Guest: Legal journalist Mark Joseph Stern; Also: 'Contempt' for Bannon; Manchin, Sanders in talks; GOP Senate blocks voting rights again...
By Brad Friedman on 10/20/2021, 6:51pm PT  

On today's BradCast: President Biden has, thankfully, edged toward the left on a number of things during his candidacy and Presidency to date. Reforming the GOP's stolen and packed U.S. Supreme Court, however, at least for now, does not appear to be one of those things. At least if the findings of his blue ribbon Commission of academics studying potential reforms is any indication.

But first up today, several quick updates on a number of stories we've been covering of late...

  • On Tuesday night, shortly after we got off air, the U.S. House Select Committee investigating the Trump-incited January 6th attack on the U.S. Capitol voted unanimously to hold Steve Bannon in criminal contempt of Congress for refusing to answer their subpoena for documents and testimony. A vote on the resolution by the full House is scheduled for Thursday and, if adopted (as expected), a referral for criminal prosecution will be sent to the DoJ. Bannon could face as much as a year in prison. But it was remarks by Committee member Rep. Liz Cheney (R-WY) before Tuesday's vote that jumped out: "Mr. Bannon's and Mr. Trump's privilege arguments do appear to reveal one thing. They suggest that President Trump was personally involved in the planning and execution of January 6, and this Committee will get to the bottom of that." If I was Trump, I'd take Cheney at her word. Bannon's future could also be Trump's.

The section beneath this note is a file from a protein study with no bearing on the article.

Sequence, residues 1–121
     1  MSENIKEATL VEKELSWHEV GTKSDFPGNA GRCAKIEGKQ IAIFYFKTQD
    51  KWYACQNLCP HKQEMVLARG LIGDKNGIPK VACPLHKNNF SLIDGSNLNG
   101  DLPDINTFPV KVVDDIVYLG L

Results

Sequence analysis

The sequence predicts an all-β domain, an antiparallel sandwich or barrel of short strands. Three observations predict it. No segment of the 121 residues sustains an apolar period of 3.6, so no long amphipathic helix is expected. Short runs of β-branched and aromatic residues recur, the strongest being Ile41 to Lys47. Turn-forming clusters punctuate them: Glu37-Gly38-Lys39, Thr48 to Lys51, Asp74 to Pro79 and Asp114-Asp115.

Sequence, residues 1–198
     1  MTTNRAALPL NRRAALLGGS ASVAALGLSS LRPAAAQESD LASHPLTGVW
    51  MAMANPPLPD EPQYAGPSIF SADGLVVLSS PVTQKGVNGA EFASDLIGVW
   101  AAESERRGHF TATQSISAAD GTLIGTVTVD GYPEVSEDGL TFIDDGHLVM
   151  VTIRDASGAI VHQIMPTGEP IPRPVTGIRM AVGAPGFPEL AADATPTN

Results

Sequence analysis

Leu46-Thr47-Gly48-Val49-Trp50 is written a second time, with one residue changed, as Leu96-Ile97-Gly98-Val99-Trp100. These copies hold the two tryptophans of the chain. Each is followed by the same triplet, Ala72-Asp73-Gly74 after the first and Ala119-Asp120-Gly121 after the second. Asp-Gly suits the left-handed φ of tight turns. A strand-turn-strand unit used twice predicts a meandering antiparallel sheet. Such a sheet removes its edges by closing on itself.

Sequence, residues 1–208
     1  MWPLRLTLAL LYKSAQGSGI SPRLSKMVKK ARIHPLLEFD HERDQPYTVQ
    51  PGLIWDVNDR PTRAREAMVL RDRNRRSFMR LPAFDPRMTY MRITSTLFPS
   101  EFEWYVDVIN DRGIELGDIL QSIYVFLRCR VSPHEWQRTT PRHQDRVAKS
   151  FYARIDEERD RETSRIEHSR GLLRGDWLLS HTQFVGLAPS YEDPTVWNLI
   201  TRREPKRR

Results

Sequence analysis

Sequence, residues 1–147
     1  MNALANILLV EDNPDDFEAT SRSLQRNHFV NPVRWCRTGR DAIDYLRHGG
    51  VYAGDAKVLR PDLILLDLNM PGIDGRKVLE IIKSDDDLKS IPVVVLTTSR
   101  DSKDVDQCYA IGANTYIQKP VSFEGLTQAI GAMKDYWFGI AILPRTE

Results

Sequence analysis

• There was additional encouraging news from Congress on Tuesday night, as outlets are reporting that obstructionist Sen. Joe Manchin (D-WV) and progressive Sen. Bernie Sanders (I-VT) are now in direct talks on Biden's Build Back Better Act and that they hope to reach a deal on a path forward for the once-and-hopefully-still transformative social safety net and climate change bill by week's end. Manchin, as we discussed on yesterday's show, has apparently already gutted the legislation's central climate change provision, and is sure to force the removal of many other wildly popular provisions before all is said and done. But negotiation, in theory, means progress. And progress moving toward passage of the Biden agenda is better than the stalemate of recent weeks. One Senator quoted by The Hill describes the news as a "breakthrough". We'll see.